Today, Feb. 24, the United States Mint started selling circulating-quality 2015 Homestead National Monument of America Quarters from the America the Beautiful Quarters series. They honor the National Monument in Nebraska and are available in U.S. Mint-branded roll and bag products.
Homestead quarters began their journey into circulation on Feb. 9, and they were officially unveiled in a ceremony on Feb. 10, but getting them from anywhere other than the U.S. Mint can take time. Local financial institutions cannot order quarters by specific designs or from specific U.S. Mint production facilities, so a lot of chance is involved in finding the ones you want in circulating change.
Also, quarters struck at the San Francisco Mint are not released into circulation and can only be acquired in a numismatic products sold by the U.S. Mint, like those described further below.
Homestead National Monument of America Quarter Design
Ronald D. Sanders designed the reverse of the Homestead National Monument of America Quarter. It represents three survival fundamentals common to homesteaders: food, shelter, and water. The image depicts corn stalks, a log home, and an outdoor water pump. It was selected from among 12 design candidates.
Surrounding inscriptions read: HOMESTEAD, NEBRASKA, 2015, and E PLURIBUS UNUM. Jim Licaretz was in charge of sculpting the design.
Obverses are common to all America the Beautiful Quarters, featuring a portrait of George Washington as sculpted by John Flanagan. The inscriptions on this side read: UNITED STATES OF AMERICA, LIBERTY, IN GOD WE TRUST and QUARTER DOLLAR.
A mint mark is also stamped on obverses to notate where they are made. The mint mark is D, P or S to represent United States Mint facilities in Denver, Philadelphia and San Francisco.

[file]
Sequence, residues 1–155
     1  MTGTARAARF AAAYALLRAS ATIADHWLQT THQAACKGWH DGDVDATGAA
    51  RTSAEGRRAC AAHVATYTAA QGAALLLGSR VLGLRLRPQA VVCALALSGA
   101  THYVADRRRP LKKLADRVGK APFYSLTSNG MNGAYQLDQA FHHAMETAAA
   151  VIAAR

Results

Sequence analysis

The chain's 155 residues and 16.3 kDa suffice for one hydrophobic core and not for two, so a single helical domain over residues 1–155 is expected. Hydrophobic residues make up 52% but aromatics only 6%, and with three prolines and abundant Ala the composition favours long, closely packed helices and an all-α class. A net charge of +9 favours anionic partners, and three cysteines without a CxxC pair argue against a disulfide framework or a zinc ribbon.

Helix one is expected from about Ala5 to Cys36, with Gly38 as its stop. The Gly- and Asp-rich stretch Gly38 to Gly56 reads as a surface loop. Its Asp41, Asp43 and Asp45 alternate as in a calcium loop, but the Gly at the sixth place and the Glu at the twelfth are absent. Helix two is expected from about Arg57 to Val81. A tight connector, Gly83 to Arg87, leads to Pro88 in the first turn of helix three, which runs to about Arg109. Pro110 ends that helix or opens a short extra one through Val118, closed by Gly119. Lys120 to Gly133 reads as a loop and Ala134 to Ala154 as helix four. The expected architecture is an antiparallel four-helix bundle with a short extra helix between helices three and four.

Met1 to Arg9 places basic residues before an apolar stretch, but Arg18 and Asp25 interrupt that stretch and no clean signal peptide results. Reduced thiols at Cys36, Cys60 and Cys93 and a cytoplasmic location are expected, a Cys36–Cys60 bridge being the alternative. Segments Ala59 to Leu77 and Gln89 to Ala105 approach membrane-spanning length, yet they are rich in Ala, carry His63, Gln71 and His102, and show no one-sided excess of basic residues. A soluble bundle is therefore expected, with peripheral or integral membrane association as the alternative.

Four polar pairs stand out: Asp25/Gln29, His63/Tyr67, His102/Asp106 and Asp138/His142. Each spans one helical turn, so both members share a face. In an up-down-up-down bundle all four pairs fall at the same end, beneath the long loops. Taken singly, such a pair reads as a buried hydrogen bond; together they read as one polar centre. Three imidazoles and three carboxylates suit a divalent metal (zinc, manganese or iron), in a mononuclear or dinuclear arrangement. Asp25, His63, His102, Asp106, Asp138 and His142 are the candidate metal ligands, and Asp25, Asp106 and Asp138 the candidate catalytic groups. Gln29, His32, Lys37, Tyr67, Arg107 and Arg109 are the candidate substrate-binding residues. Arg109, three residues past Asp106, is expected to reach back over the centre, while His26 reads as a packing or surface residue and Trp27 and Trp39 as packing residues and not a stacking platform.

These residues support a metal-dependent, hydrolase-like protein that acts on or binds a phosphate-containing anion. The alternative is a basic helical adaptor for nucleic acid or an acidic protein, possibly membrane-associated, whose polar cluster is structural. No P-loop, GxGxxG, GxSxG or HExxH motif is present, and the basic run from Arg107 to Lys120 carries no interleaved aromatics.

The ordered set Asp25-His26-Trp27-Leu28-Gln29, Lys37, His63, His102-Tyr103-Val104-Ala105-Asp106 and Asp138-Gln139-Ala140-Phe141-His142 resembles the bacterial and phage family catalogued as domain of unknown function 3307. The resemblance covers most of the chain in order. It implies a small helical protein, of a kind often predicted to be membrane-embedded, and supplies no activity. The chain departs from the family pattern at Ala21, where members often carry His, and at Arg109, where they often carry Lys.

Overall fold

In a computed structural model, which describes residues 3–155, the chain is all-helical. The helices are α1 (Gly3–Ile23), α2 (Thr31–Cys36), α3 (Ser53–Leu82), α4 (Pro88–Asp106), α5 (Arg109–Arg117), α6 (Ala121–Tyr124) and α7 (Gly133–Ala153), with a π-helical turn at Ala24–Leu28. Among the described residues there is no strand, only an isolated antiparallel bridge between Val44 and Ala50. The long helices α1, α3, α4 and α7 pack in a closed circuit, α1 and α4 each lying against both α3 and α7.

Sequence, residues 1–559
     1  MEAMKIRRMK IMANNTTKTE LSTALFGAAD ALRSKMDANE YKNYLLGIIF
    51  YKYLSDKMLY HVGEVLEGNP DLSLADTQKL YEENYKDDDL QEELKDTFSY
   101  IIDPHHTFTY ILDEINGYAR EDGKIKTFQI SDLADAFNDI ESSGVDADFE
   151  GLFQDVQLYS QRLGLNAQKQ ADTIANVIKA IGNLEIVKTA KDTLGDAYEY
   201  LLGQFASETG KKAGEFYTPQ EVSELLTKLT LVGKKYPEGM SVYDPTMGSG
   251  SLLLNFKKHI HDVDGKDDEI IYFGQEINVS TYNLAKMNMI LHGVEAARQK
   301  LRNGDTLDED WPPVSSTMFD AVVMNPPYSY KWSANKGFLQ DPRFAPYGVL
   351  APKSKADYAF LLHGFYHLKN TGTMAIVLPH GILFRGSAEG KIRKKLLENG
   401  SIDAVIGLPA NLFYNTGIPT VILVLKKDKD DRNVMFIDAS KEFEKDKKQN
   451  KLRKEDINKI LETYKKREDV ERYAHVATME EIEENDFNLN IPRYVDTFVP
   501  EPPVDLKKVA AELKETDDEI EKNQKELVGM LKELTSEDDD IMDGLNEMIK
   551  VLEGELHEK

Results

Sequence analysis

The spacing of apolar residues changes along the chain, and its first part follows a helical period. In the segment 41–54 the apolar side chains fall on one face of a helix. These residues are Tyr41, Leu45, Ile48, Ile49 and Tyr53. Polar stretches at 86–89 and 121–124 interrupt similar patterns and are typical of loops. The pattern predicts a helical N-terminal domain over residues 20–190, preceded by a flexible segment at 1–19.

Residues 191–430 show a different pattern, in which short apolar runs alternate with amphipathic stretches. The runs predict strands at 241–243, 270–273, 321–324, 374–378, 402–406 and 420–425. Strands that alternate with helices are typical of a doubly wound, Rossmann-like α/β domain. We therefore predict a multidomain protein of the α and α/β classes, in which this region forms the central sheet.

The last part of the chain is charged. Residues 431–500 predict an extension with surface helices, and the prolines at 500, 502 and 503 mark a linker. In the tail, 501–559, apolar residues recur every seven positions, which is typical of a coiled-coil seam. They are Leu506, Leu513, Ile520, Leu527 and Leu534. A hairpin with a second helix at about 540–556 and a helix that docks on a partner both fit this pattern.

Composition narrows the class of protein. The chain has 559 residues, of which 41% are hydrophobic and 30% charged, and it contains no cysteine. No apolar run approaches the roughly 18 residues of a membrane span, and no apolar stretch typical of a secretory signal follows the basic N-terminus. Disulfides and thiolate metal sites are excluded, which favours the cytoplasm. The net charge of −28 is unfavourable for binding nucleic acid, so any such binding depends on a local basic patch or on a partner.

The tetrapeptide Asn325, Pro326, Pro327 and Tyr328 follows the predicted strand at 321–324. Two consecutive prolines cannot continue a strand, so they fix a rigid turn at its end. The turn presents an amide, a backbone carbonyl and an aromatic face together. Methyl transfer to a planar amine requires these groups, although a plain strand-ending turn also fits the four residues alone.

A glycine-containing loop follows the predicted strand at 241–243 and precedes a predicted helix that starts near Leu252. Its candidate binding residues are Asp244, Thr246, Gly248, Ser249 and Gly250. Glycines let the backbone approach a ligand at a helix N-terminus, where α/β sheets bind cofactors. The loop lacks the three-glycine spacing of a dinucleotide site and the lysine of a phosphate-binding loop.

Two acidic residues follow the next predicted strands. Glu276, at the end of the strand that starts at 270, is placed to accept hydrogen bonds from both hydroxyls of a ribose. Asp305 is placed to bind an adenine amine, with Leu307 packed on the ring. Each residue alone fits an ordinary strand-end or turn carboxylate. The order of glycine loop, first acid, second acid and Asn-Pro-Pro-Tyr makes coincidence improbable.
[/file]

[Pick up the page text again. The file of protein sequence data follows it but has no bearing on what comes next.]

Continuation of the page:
Homestead National Monument Quarter Product Options
New Homestead quarter products include 40-coin rolls or 100-coin bags with options of where the quarters are produced. 40-coin rolls are available as one roll from the San Francisco Mint, a two-roll set from the Denver and Philadelphia Mints or a set of three rolls, one from each facility.
100-coin bags are available individually from the three locations. Here’s a chart to break down the prices on the numismatic products.
|Quarter Product||US Mint Striking Facility||Price|
|40-coin rolls||San Francisco||$18.95|
|Two-roll sets||40 Philadelphia & 40 Denver coins||$32.95|
|Three-roll sets||San Francisco, Philadelphia, & Denver||$46.95|
|100-coin bags||San Francisco||$34.95|
Quarters from Denver and Philadelphia will eventually make their way into change. That will not happen with those struck in San Francisco since they are made only for collectors.
Those who are interested in adding these products to their collection can visit the United States Mint’s website at www.usmint.gov. Here’s a link to the Mint’s quarter products. Collectors can also order by phone by calling 1-800-USA-MINT (872-6468).
More About America the Beautiful Quarters
Two earlier products featuring 2015 quarter-dollars have been released by the Mint — the 2015 America the Beautiful Quarter Proof Set for $14.95 and the 2015 America the Beautiful Quarters Silver Proof Set for $31.95. These sets feature all five of this year’s quarters in collector proof quality. Unlike those in rolls and bags, they have sharper detail, frosted designs and mirror-like backgrounds.
Homestead National Monument of America is the first of the five national site designs to be featured this year. It’s the 26th overall in the America the Beautiful Quarters series. This U.S. Mint video offers a walk through of the coin’s design and production.
Other quarters this year will honor Kisatchie National Forrest in Louisiana, Blue Ridge Parkway in North Carolina, Bombay Hook National Wildlife Refuge in Delaware and Saratoga National Historical Park in New York.
Look here for quarter news about past releases.
The America the Beautiful Quarters series began in 2010 and has seen five quarters released annually ever since. The program is scheduled to release 30 more coins and wrap-up in 2021 when a national site has been honored in all 50 states, the District of Columbia and the five territories of the United States.